• WAIT UNTIL INFANT HAS STABILIZED
  • If necessary, place the infant on extracorporeal membrane oxygenation (ECMO)
  • 65% require it.
  • Increased risk for neurological difficulties later on.
  • The defect is repaired primarily or by a patch
  • Surgery uses muscle biopsy or foreign substance to close the diaphragm
  • (If a foreign substance is used, it will not grow with the child and may require additional surgeries. When the muscles are sewn together, the diaphragm is not as flexible as normal. Can lead to respiratory dysfunction.)
  • Sometimes a silo is required if there is not enough room for the bowel in the stomach cavity.
  • Chest tube is inserted
  • Average intubation period of 20 days (Maratore et al 2001)
  • Average length of stay in hospital of 60 days

Long-term outcomeEdit

  • Possibility of bronchopulmonary dysplasia from long-term ventilation
  • Increased risk for
  • Neurological problems regardless of exposure to ECMO
  • Developmental delay (20-30%)
  • Sensorineural hearing loss
  • Failure to thrive resulting from feeding difficulties
  • Gastroesophageal reflux (50-60%)
  • Musculoskeletal deformities (10-21%)
  • A study of 48 infants with postnatal repair (Chu et al 2000) showed a 73% survival rate with leading causes of death being severe respiratory failure, pulmonary hypertension, pneumothorax, and anomalies.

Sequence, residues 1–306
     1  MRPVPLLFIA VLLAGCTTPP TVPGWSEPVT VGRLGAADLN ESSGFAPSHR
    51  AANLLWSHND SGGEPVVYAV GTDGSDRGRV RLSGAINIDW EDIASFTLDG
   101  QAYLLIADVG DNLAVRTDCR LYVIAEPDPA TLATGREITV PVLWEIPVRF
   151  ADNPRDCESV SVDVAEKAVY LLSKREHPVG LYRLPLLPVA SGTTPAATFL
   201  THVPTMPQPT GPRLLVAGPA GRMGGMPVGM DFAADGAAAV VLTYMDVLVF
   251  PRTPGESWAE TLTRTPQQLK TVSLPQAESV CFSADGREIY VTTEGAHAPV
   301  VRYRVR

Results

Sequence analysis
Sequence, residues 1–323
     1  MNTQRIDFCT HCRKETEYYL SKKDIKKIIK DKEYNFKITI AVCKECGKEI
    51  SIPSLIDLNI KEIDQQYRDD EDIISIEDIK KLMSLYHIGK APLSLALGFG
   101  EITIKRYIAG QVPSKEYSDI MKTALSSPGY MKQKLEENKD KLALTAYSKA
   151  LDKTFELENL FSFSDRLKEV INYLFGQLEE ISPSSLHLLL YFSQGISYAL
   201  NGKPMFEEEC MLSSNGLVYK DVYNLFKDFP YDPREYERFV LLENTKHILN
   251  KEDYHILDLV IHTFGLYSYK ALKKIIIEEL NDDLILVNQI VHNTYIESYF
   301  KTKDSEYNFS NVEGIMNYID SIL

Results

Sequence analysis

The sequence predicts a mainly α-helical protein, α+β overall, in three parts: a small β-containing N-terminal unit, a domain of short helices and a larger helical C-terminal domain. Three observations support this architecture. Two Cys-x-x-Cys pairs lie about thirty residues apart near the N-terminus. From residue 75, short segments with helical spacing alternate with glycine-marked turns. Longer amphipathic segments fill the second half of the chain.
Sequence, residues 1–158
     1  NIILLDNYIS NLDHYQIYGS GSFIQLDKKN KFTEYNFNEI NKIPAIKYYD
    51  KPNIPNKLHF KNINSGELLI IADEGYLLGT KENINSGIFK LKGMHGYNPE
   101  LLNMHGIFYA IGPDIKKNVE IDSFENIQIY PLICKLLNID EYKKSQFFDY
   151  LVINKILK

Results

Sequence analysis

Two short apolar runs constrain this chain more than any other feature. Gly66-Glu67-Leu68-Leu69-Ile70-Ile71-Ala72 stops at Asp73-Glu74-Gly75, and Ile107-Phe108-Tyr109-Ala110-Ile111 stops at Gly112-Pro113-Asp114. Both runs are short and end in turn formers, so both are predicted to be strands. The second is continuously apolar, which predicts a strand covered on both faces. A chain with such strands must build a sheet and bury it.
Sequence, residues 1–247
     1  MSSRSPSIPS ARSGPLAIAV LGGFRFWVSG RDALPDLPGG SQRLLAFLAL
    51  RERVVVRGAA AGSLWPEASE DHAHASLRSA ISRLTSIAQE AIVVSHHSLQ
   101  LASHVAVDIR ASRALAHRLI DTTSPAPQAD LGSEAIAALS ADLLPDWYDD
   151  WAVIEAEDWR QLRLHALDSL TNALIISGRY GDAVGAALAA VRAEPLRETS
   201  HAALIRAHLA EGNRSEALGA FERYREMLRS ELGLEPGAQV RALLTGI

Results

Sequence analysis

Resources for PatientsEdit

  • The Association of Congenital Diaphragmatic Hernia Research, Advocacy, and Support (CHERUBS)
PO Box 1150
Credmoor, NC 27522
(919) 693-8158
http://www.cherubs-cdh.org
Adam.com website has details and pictures of a variety of conditions, the surgical procedures to repair them, and the follow-up from surgery. Very easy to understand.
http://www.adam.com
Each fetal surgery location has its own website
http://fetalsurgery.chop.edu
http://fetalsurgery.ucsf.edu
http://www.fetalmd.com/research

ReferencesEdit

  • Bianchi et al. Fetology: Diagnosis & Management of the Fetal Patient (2000).
  • Chu et al. Treatment and outcome of congenital diaphragmatic hernia. L Formos Med Assoc. Nov 2000: 99 (11) p 844-7.
  • Muratore et al. Pulmonary morbidity in 100 survivors of congenital diaphragmatic hernia monitored in a multidisciplinary clinic. J Pediatr Surg. Jan 2001: 36(1) p133-40.
  • Nose et al. Airway anomalies in patients with congenital diaphragmatic hernia. J Pediatr Surg. Nov 2000: 35 (11) p1562-5.
  • Snijders RJM & Nicolaides KH. Ultrasound Markers for Fetal Chromosomal Defects.

NotesEdit

The information in this outline was last updated in 2001.



Material obtained under GFDL Licence from http://en.wikibooks.org/wiki/Handbook_of_Genetic_Counseling

Heckert GNU white Permission is granted to copy, distribute and/or modify this document under the terms of the GNU Free Documentation License, Version 1.2 or any later version published by the Free Software Foundation; with no Invariant Sections, no Front-Cover Texts, and no Back-Cover Texts. A copy of the license is included in the section entitled "GNU Free Documentation License."